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Singh’s nuke gamble II
- PM leads effort to get India a place in nuclear club

New Delhi, Nov. 30: Prime Minister Manmohan Singh’s talks in Port of Spain last week may eventually lead to an initiative to amend the nuclear non-proliferation treaty (NPT) to include India, along with the five permanent members of the UN Security Council, as a nuclear weapons state.

The Prime Minister is understood to have broached the idea of India’s de jure recognition as a nuclear weapons state with two of the five legal nuclear weapons states. The five such states are China, France, Russia, the UK and the US.

India is already a de facto nuclear weapons state, but under the NPT, it has not been recognised as one and will, therefore, be denied the rights of the big five under the treaty for ever unless there is an amendment to the pact.

This is notwithstanding the nuclear deals signed recently between India and several other countries and the permission given by the Nuclear Suppliers Group (NSG) to its members to trade in nuclear material and technology with India.

The issue of amending the NPT at a review conference of the treaty in New York next year is expected to figure in India’s talks with Russian President Dmitry Medvedev and Prime Minister Vladimir Putin when Singh visits Moscow from December 6.

This incipient effort is said to have been a major consideration behind India’s decision last week at the International Atomic Energy Agency (IAEA) in Vienna to vote against Iran for violating its commitments as a signatory to the NPT.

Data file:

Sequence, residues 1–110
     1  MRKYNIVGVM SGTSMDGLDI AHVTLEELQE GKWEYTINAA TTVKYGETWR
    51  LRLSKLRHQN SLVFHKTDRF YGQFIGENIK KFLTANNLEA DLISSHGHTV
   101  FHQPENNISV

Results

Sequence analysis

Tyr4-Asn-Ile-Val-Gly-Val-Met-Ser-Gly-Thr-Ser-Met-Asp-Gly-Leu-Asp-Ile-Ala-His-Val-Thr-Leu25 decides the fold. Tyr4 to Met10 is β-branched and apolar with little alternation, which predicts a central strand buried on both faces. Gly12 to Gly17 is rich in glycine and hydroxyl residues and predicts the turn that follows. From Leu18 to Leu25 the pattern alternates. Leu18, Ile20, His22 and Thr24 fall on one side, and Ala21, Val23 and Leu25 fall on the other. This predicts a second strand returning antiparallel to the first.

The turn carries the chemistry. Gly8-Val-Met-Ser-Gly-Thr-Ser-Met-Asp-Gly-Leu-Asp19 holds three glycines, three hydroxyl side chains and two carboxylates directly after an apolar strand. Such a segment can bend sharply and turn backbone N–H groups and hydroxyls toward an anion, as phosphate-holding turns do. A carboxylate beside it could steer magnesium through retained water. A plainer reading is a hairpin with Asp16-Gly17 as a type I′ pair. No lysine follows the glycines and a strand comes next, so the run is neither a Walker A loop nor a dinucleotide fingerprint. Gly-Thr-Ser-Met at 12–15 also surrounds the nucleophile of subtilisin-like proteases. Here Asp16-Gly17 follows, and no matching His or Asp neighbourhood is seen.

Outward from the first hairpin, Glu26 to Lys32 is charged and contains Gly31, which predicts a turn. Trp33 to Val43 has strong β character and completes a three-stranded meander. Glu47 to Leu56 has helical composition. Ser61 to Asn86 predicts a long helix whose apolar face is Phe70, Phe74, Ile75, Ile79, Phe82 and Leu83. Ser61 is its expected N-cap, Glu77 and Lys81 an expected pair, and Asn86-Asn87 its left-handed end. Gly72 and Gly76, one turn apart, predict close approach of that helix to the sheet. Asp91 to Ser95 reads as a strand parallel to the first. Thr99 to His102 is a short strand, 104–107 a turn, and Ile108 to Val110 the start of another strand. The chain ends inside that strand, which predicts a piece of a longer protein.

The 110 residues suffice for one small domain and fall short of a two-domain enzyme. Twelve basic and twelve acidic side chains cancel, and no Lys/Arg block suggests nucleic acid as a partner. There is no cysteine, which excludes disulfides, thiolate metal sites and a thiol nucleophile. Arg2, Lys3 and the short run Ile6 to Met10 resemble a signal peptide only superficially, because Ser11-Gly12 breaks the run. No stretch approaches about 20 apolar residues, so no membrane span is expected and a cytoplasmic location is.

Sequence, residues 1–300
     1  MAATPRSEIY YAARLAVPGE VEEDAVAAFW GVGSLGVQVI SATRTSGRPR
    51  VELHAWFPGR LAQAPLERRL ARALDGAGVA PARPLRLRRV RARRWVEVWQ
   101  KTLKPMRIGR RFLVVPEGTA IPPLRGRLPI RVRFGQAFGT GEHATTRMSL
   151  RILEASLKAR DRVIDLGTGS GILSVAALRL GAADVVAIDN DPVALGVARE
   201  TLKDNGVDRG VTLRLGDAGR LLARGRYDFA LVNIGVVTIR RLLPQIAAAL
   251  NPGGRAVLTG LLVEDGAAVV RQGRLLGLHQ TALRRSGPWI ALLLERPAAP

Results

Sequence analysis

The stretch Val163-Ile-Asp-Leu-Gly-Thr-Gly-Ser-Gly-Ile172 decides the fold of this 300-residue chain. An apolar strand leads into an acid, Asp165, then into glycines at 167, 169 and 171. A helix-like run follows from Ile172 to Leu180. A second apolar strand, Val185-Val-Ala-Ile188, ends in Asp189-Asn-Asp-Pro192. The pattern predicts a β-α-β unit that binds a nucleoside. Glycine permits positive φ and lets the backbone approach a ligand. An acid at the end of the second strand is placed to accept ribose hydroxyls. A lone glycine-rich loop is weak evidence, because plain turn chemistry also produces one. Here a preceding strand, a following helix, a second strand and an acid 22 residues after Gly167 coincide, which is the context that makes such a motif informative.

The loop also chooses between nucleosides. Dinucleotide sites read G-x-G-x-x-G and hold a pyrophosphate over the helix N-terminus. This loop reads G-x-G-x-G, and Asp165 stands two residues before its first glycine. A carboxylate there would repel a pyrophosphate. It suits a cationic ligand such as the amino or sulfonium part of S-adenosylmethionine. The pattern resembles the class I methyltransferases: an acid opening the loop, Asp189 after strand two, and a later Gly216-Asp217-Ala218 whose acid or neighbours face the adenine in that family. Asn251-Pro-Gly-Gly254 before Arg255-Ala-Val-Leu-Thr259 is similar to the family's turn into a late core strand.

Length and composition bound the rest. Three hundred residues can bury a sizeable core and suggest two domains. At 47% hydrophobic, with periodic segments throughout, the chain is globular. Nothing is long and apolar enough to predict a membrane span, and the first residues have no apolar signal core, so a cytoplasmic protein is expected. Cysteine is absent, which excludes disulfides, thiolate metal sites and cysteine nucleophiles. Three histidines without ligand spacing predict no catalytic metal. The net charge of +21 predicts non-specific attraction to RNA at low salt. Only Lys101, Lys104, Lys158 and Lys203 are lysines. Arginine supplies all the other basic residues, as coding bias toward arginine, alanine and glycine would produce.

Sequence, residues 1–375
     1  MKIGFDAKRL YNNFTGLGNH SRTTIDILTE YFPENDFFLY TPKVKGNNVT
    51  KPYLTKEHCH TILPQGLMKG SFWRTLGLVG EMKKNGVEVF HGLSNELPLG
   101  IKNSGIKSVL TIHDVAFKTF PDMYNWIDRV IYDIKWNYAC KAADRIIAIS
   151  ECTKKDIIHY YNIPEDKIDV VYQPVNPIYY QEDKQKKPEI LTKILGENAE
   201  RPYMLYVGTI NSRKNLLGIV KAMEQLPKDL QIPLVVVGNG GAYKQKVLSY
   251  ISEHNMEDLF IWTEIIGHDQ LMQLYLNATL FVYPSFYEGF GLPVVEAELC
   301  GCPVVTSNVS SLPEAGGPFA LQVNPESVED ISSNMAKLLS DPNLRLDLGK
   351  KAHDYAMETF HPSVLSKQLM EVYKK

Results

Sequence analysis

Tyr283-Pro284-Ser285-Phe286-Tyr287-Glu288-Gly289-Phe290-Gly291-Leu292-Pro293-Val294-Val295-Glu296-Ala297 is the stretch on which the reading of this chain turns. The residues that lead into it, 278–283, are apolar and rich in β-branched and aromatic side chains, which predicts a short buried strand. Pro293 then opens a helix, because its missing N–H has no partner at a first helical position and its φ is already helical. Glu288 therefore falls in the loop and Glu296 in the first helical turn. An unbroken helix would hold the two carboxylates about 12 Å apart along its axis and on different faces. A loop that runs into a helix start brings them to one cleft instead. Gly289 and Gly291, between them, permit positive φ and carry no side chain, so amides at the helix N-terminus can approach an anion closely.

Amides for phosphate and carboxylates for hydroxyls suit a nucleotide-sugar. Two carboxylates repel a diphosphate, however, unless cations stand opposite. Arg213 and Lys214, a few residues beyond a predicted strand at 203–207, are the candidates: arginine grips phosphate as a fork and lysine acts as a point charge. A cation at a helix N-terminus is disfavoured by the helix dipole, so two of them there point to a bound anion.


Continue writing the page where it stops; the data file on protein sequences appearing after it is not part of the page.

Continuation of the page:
The decision to vote along with the five nuclear powers to censure Iran was taken at the personal intervention of the Prime Minister.

Singh forcefully argued at internal meetings of his top national security and foreign policy team that the sanctity of India’s recently signed safeguards agreement with the IAEA would be questioned by New Delhi’s detractors if India did not vote on “Iran’s failure to notify the agency” of the violation of “its obligations under the Subsidiary Arrangements to its Safeguards Agreement” as alleged by IAEA director-general Mohamed ElBaradei in a report.

The effort to amend the NPT is being handled directly by the Prime Minister with only one of his top aides as party to the actual discussions, which are still at the stage of being broached in restricted meetings with the heads of state concerned.

It is too early to say whether the effort will succeed. But if an amendment makes it to the floor of the NPT review conference, it will be the biggest foreign policy challenge undertaken by any Prime Minister since Jawaharlal Nehru defied both the US and the USSR and launched the Non-Aligned Movement (NAM).

If the NPT is finally amended to include India as a nuclear weapons state, Manmohan Singh would find his place in history as the man who corrected the biggest injustice done to India by the international community since Independence.

The amendment to give India its rightful place in the global security framework does not even require changing a word, but merely two digits.